The United States said it will do whatever is necessary to assure an adequate supply of rare-earth minerals as China, the world's largest producer of the metals used in high-tech consumer and military applications, said it is reviewing proposals to establish export controls for rare earths.
"These critical minerals are often overlooked, but modern life without them would be impossible," Commerce Secretary Wilbur Ross said Tuesday in a statement. "Through the recommendations detailed in a report requested by President Donald Trump, the Federal government will take unprecedented action to ensure that the United States will not be cut off from these vital materials."
China's National Development and Reform Commission said in a statement on Tuesday that it is reviewing proposals by industry experts to establish export controls for rare earths and hopes to have a plan in place quickly.
Rare earths are used in high-tech applications, including semiconductors, flat-screen TVs, medical scanners, rechargeable batteries, light-emitting diodes, energy-efficient fluorescent lamps, steel alloys and high-strength magnets used in wind turbines. The metals also are used in jet engines, missile guidance systems, satellites and communications equipment.
Rare earths are a group of 17 elements found throughout the world. However, the minerals are unusual because they are difficult to extract in high concentrations. Producers therefore must dig tons of dirt to extract small amounts of the elements. The key to producing rare earth profitably is chemistry — not operating the open pit mines.
From the 1960s to the 1980s, the US led the world in production of rare earths with a single mine in California. But China, home to 37 percent of the world's reserves, expanded production and increased market share.
The United States imported $160 million of rare earth compounds and metals in 2018, up nearly 17 percent from 2017, according to a report published on Monday by Reuters. California's Mountain Pass mine is the only operating US rare earths facility. But the company ships the roughly 50,000 tonnes of rare earth concentrate it extracts each year from California to China for processing. China has imposed a tariff of 25 percent on those imports during the trade dispute.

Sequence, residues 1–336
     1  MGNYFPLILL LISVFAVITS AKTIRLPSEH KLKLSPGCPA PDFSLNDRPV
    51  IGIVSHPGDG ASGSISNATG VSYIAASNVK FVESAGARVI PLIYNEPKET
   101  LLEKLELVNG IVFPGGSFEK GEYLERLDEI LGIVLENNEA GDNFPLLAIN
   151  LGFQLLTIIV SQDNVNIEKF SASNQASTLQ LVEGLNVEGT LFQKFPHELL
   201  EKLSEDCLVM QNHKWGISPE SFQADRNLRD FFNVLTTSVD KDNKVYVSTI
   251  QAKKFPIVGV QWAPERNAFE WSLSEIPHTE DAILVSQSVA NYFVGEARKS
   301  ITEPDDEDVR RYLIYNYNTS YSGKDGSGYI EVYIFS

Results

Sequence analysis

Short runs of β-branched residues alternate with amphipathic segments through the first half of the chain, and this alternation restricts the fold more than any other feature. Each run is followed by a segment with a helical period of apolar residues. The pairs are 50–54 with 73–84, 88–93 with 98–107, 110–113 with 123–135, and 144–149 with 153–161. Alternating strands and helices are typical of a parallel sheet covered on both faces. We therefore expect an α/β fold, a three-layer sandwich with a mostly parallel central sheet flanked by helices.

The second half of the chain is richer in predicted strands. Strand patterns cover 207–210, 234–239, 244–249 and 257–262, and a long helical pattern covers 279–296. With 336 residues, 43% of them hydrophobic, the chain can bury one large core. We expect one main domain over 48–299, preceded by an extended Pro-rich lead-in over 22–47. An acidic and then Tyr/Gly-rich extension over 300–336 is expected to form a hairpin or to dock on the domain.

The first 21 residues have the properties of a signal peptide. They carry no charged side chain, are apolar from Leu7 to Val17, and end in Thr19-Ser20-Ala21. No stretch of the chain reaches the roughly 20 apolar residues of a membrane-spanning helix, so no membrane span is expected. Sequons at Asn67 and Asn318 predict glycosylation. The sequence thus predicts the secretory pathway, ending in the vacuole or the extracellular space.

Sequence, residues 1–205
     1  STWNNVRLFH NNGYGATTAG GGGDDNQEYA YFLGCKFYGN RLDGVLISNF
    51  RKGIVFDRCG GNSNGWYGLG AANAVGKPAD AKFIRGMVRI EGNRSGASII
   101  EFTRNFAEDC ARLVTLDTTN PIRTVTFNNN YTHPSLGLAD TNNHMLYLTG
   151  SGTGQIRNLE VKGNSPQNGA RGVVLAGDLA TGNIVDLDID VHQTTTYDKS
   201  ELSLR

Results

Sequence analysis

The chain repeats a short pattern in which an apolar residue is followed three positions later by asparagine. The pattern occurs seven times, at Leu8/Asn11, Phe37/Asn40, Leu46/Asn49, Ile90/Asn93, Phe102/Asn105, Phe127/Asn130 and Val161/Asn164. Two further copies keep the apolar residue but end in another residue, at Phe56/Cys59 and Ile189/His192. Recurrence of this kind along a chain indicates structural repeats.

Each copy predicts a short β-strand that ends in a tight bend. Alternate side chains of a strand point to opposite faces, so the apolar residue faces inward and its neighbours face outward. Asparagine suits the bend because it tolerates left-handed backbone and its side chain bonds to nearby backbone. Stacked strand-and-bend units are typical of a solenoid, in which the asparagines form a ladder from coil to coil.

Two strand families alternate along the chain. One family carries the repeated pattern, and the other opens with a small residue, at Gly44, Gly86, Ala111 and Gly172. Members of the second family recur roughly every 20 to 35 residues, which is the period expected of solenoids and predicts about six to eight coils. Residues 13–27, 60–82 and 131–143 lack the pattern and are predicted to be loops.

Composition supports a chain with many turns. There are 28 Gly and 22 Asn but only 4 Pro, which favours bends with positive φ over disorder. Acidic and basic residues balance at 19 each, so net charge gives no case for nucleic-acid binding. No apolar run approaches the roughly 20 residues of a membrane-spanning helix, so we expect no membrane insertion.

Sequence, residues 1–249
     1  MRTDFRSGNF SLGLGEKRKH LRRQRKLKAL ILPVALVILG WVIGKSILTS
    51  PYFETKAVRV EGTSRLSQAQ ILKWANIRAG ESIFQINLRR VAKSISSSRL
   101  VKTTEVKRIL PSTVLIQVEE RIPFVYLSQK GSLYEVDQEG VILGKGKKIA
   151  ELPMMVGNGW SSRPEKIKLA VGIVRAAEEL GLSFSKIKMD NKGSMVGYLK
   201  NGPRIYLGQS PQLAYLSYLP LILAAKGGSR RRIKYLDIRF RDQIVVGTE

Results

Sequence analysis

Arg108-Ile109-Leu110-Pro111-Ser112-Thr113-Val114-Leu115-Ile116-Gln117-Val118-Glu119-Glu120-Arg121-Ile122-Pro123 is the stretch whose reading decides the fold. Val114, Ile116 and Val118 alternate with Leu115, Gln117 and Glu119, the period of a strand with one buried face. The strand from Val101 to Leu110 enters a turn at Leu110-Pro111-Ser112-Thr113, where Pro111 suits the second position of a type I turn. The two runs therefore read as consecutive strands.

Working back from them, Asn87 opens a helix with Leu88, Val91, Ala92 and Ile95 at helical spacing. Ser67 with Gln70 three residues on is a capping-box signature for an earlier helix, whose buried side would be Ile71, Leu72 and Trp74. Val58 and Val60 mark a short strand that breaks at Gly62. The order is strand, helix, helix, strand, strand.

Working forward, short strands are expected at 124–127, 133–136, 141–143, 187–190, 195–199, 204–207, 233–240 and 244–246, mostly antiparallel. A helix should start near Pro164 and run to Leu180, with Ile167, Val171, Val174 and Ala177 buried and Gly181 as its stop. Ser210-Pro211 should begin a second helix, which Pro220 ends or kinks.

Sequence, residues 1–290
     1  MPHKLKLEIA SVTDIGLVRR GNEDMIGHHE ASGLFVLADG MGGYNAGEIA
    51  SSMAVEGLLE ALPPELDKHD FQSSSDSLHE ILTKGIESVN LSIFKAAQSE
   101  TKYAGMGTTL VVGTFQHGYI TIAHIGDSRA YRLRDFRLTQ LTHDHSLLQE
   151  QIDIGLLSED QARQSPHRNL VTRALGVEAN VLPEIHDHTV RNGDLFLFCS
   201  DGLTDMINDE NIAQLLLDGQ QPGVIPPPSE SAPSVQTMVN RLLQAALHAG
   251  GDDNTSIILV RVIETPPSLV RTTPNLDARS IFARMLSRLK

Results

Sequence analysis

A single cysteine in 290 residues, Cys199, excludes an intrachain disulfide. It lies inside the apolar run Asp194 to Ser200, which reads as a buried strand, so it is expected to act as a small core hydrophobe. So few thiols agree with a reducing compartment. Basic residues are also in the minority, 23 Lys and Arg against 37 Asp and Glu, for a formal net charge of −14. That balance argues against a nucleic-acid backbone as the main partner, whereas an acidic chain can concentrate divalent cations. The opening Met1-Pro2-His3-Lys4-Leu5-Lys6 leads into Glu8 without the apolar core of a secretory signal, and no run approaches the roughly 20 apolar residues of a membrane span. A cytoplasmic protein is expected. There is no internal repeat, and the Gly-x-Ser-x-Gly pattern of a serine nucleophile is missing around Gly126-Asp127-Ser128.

It would take years to build enough processing plants to match China's processing capacity of 220,000 tonnes, which is five times the combined capacity of the rest of the world.
"If China were to decide to restrict rare earth exports to the US, the effect would be significant," investment bank Goldman Sachs said in a research note last week. "Such a move on the Chinese side would clearly signal that trade talks with the US are not progressing well and that trade tensions are escalating."
But Eugene Gholz, an associate professor of political science at the University of Notre Dame, who studies the links between national security and economic policy, said an attempt by China to restrict exports of rare earths in the current trade dispute would be ineffective.
"Chinese export restrictions would be an annoyance, but not a catastrophe," Gholz told China Daily. "The market is resilient, and there are many ways that it would adapt.''
It's certainly possible for the US to start refining its own rare earths, but this would take time and the sources of ore could be limited if China were ruled out, according to a BBC report.
Reuters contributed to this story.